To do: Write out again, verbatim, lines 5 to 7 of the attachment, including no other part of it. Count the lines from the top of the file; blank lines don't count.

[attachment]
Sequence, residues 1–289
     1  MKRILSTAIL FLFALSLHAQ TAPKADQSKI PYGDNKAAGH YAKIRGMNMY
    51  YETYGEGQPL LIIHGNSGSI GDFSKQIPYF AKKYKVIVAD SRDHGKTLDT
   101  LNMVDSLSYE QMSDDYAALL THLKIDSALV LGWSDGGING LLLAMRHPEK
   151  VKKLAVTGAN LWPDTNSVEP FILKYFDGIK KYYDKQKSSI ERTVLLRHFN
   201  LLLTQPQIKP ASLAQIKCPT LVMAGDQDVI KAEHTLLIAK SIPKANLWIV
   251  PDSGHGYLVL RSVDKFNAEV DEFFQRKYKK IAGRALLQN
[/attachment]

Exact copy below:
   151  VKKLAVTGAN LWPDTNSVEP FILKYFDGIK KYYDKQKSSI ERTVLLRHFN
   201  LLLTQPQIKP ASLAQIKCPT LVMAGDQDVI KAEHTLLIAK SIPKANLWIV
   251  PDSGHGYLVL RSVDKFNAEV DEFFQRKYKK IAGRALLQN